Training young Western Australians for the mining jobs of the future

Today’s announcement by Rio Tinto of $2 million towards developing a Vocational Education and Training (VET) curriculum is part of a wider effort by Western Australia’s resources industry to prepare local students for the mining jobs of the future, according to the Chamber of Minerals and Energy of Western Australia (CME).

Rio Tinto is working with the Western Australian Government and South Metropolitan TAFE to pioneer a new curriculum to prepare young Western Australians for opportunities created by advances in technology and innovation.

CME CEO Reg Howard-Smith said it was imperative that courses in robotics, data analytics and digital inclusion education were offered to match the skill sets that would be required at mine sites thanks to technological advances.

“Rio Tinto has been a huge supporter of education and training, particularly in providing pathways to science, technology, engineering and mathematics (STEM) in secondary schools,” he said.

“Their record in employing young graduates and apprentices is impressive, having recruited more than 600 apprentices and close to 650 graduates in the past six years, and committing to taking on a further 160 new graduates, vacation students, apprentices and trainees in Western Australia in 2018.”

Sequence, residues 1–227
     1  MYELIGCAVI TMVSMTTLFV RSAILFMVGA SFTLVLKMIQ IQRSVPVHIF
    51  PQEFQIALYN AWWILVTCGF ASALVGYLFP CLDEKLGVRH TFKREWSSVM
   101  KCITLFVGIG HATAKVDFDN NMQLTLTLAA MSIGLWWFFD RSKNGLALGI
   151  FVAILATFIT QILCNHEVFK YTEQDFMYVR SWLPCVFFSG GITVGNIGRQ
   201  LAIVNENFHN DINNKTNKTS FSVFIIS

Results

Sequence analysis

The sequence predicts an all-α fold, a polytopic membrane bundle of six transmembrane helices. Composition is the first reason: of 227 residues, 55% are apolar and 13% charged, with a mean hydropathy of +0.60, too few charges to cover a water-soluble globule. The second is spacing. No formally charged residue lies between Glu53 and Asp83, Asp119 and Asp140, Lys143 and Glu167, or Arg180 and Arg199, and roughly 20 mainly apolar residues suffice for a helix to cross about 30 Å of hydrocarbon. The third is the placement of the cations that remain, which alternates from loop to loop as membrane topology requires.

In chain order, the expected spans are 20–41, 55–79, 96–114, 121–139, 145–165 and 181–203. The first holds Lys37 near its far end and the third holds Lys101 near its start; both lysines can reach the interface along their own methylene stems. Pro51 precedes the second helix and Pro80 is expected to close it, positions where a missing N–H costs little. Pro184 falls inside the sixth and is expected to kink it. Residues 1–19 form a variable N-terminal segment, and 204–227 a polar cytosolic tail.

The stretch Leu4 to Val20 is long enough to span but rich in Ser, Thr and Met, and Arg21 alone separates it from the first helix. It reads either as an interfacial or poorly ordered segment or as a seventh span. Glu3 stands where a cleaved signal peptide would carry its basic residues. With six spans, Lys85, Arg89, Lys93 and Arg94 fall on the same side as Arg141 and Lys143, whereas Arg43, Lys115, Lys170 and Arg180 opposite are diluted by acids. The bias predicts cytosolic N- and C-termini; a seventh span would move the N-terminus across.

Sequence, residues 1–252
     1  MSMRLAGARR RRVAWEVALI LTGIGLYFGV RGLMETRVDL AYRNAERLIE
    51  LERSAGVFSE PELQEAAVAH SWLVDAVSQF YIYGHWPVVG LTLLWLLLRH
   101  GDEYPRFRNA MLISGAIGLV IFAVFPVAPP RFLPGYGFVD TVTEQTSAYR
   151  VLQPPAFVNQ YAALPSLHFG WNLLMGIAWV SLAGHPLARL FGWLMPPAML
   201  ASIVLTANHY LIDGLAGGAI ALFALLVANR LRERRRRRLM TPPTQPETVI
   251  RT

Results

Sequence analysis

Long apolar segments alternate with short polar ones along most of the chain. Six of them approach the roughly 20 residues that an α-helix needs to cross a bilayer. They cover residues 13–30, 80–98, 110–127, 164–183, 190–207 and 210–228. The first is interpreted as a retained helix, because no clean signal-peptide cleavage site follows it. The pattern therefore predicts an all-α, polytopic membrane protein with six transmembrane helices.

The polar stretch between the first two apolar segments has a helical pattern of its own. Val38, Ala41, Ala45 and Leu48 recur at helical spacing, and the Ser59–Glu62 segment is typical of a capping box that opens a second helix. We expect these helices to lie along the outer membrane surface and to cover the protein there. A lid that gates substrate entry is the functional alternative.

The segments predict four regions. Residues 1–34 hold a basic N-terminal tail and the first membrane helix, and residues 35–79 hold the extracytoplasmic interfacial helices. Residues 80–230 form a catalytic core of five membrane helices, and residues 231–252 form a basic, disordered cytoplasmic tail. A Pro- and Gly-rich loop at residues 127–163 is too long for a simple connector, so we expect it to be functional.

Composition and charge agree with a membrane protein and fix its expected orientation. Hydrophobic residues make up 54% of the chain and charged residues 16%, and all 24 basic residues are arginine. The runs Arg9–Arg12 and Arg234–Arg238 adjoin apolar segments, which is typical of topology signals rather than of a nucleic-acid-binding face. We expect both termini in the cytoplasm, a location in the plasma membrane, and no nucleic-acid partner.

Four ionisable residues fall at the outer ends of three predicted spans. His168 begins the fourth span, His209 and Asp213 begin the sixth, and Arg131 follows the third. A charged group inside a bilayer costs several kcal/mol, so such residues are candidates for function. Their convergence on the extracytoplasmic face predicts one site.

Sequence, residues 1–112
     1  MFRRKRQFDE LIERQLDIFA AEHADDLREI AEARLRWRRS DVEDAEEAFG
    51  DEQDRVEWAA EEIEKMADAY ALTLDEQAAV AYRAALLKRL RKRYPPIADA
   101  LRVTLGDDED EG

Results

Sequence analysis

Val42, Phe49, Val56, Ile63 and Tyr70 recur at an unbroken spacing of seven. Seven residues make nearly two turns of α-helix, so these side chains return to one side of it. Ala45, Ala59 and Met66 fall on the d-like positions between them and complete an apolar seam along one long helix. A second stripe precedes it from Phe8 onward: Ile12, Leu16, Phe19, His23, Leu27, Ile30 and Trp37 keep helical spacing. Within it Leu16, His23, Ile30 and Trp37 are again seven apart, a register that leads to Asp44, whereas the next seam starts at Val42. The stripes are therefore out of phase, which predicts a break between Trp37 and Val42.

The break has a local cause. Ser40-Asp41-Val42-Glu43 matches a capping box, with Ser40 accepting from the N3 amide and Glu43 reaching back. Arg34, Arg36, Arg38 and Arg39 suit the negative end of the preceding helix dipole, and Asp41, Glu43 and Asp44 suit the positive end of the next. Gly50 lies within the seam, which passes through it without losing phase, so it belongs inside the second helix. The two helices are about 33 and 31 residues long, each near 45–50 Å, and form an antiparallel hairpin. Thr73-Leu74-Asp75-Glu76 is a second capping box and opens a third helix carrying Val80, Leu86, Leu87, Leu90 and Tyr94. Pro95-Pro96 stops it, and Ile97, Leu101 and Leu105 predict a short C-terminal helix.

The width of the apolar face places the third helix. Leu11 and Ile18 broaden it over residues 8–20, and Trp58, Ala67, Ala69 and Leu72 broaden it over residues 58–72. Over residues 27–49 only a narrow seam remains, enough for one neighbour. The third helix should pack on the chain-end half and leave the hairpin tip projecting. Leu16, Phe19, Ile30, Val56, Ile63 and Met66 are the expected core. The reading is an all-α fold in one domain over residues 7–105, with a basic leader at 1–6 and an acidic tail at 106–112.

Mr Howard-Smith said in response to the increasing changes to technology and automation, CME was actively working to ensure the sector’s future workforce had the flexibility and skills to adapt and respond to a more complex operating environment.

“Advances in surface mining, faster communications capability and the need to achieve more efficiencies to remain internationally competitive has seen the emergence of remote operations facilities where multiple mine sites can be remotely operated from another location,” he said.

“The Resources Industry Training Council (RITC), a state government funded initiative hosted by CME, is undertaking a project to establish a training model for entry to Surface Mining Operations, as well as create a purpose-built qualification to meet the needs of these remote operations facility workers.

“Australia is becoming renowned internationally as a world leader in the application of remote operations and autonomous equipment in surface mining and oil and gas operations, and together with local industry, we are committed to educating and training young Western Australians for the new job opportunities that will be created in the future.”